The Meridian unmanned aerial vehicle (UAV) is a single-engine research aircraft with fixed landing gear designed by engineers at the University of Kansas. According to Technology Review, it will be used to see what happens beneath the Antarctic and Greenland ice sheets. Two units are currently built for a cost of about 3 U.S. million dollars. The Meridian will fly for up to 13 hours over a distance of 1,750 kilometers. The first flight over Greenland is forecasted next summer. And a second flight will take place over the Antarctic later in 2008.
This aircraft has been developed at the Center for Remote Sensing of Ice Sheets (CReSIS) of the University of Kansas. The new Meridian design shown above is the result of several design iterations focused on manufacturability and operational constraints (Credit: CReSIS). Here is a link to a document describing the current Meridian design concept (PDF format, 1 page), from which the above diagram has been picked.
This document also provides the essential characteristics of this unmanned aircraft.
- Takeoff Weight: 1,083 pounds (492 kilograms)
- Empty Weight: 618 pounds (281 kilograms)
- Fuel Weight: 295 pounds (134 kilograms)
- Payload Weight 165 pounds (75 kilograms)
- Wingspan: 26.4 feet (8.2 meters)
- Length: 17 feet (5.3 meters)
- Range: 1,750 kilometers (950 nautical miles)
- Endurance: 13 hours
Now, let's look at the Technology Review article for additional details. "The plane will fly in conditions that would be too risky for humans, and it will fly lower than would be safe for human pilots, enabling sensors to bring back sharper pictures. The aircraft's key instrument, a 125-pound radar unit, will fire signals through kilometers of ice at several frequencies. Software will then analyze the timing of returning signals to create a clear picture of subsurface ice layers, water pockets, and the contours of the underlying bedrock or soil."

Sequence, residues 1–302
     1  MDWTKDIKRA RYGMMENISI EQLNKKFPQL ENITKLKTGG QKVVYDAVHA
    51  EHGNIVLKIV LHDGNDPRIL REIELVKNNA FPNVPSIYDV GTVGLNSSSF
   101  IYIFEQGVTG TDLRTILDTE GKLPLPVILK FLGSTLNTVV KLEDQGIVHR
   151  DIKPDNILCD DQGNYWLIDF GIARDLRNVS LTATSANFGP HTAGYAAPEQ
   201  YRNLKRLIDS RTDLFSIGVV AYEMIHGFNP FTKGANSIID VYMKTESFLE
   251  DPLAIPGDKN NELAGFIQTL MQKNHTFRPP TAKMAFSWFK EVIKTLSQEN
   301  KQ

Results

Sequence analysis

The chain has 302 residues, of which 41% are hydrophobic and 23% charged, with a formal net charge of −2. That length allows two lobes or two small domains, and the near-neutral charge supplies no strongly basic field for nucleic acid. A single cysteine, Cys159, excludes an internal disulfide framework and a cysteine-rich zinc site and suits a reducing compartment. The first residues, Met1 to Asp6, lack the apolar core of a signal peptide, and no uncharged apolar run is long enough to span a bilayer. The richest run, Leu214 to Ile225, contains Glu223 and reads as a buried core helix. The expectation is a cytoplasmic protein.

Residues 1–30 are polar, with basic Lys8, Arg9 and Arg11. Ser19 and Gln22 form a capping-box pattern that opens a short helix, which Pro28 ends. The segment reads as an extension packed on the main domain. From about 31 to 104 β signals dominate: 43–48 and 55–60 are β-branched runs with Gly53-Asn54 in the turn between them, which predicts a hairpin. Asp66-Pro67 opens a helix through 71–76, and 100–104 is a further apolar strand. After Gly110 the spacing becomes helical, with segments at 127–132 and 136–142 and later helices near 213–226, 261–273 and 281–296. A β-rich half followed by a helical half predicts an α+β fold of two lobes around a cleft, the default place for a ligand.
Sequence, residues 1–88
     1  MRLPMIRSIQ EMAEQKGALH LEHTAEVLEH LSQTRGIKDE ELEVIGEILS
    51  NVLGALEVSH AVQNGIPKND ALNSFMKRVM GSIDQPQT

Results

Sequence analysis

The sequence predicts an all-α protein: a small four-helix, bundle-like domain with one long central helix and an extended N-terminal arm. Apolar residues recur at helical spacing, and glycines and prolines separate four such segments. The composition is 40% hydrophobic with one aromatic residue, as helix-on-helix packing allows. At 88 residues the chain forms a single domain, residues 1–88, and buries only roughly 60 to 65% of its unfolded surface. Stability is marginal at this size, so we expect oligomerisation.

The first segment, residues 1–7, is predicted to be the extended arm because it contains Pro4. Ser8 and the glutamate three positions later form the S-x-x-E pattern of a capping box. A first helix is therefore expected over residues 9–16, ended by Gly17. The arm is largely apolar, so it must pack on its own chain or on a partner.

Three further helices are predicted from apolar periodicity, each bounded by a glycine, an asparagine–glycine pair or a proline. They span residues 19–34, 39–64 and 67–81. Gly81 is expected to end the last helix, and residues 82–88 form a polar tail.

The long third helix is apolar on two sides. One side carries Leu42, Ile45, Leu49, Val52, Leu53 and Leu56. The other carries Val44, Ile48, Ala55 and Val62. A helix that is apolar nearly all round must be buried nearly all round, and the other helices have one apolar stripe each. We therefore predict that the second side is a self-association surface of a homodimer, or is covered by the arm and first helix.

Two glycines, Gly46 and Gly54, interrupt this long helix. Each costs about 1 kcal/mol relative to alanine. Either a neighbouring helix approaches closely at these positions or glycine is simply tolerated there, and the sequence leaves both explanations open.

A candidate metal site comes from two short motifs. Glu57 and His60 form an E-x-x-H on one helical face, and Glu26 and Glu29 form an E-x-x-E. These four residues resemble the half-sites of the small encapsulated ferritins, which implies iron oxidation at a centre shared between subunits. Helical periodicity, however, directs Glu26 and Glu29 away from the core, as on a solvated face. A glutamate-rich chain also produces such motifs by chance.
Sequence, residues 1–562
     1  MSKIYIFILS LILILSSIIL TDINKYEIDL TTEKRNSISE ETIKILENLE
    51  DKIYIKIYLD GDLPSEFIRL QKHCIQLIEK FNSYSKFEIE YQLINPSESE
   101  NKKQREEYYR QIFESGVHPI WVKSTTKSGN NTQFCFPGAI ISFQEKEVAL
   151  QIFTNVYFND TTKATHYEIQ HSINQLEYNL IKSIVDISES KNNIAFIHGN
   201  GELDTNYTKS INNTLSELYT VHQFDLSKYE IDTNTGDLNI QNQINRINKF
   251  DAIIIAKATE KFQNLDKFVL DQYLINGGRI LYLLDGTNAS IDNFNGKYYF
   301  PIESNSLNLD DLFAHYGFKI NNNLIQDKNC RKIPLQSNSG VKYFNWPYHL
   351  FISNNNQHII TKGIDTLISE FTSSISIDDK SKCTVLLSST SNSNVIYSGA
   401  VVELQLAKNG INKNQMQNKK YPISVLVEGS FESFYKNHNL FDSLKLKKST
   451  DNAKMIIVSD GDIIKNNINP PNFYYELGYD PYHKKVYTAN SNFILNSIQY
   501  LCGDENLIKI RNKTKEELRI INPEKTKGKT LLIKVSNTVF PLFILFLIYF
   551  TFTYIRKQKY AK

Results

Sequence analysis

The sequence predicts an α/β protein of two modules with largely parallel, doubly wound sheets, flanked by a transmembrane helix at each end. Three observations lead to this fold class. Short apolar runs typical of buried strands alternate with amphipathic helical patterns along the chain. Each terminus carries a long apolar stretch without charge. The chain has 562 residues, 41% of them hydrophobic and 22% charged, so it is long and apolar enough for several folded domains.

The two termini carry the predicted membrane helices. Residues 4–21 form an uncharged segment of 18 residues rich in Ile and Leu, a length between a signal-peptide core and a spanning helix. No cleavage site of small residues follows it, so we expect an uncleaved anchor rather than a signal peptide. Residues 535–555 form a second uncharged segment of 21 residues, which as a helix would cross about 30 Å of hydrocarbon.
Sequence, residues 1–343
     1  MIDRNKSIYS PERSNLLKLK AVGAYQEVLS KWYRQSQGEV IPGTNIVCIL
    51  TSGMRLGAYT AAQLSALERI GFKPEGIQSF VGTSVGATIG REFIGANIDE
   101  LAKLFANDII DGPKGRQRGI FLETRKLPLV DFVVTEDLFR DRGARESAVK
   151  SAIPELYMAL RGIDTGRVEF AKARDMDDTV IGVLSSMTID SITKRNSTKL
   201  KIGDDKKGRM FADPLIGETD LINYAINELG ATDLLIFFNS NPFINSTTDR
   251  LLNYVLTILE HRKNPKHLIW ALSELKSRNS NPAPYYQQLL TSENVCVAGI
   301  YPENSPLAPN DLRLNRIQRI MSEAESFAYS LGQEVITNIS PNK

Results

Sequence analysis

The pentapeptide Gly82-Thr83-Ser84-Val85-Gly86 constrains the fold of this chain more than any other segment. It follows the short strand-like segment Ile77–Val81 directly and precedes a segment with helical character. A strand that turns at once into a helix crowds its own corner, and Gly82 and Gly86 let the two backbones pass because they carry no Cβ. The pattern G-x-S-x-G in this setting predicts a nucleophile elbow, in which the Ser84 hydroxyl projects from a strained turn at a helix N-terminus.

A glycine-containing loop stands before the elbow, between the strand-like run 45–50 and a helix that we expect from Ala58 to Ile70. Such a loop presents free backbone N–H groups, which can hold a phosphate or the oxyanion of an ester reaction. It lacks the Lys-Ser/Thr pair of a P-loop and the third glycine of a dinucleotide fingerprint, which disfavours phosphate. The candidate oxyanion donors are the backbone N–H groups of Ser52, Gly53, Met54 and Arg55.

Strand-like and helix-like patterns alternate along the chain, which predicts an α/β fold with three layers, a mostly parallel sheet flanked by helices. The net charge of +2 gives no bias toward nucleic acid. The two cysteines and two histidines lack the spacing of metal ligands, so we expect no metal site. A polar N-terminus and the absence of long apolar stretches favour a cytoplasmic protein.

The Meridian UAV will use several ways to communicate with the humans in charge of the missions. "The first will allow humans to remotely control takeoff and landing. The second will allow radio-frequency communications when the aircraft is near a base camp. The third means enables satellite communications when the aircraft might be as far as 600 kilometers away from the nearest camp. The plane's wings--which have a span of about 26 feet--are being designed to have de-icing capability, and heaters will prevent the electronics from failing in the extreme cold."
It will also use a special radar. "The aircraft will leverage a powerful radar technology honed at the university. The radar, developed jointly with other institutions, is unique in its ability to provide a detailed picture of ice layers and, in particular, the boundary between ice and ground, which is helpful in efforts to understand how fast ice sheets might slide into the ocean."
For more information about the Meridian, here are three technical reports to read -- and from which I picked some details about the costs of the program.
- Structural and Manufacturing Analysis for Meridian UAV Wing Concept (Russell Mailen, June 20, 2007, PDF format, 61 pages, 787 KB)
- CReSIS UAV Critical Design Review: The Meridian (William Donovan, June 25, 2007, PDF format, 88 pages, 1.88 MB)
- The Meridian UAS: Detailed Design Review (R.D. Hale, W.R. Donovan, M. Ewing, K. Siegele, R. Jager, E. Leong, W.B. Liu, June 25, 2007, PDF format, 79 pages, 4.74 MB)
Sources: David Talbot, Technology Review, September 13, 2007; and various websites
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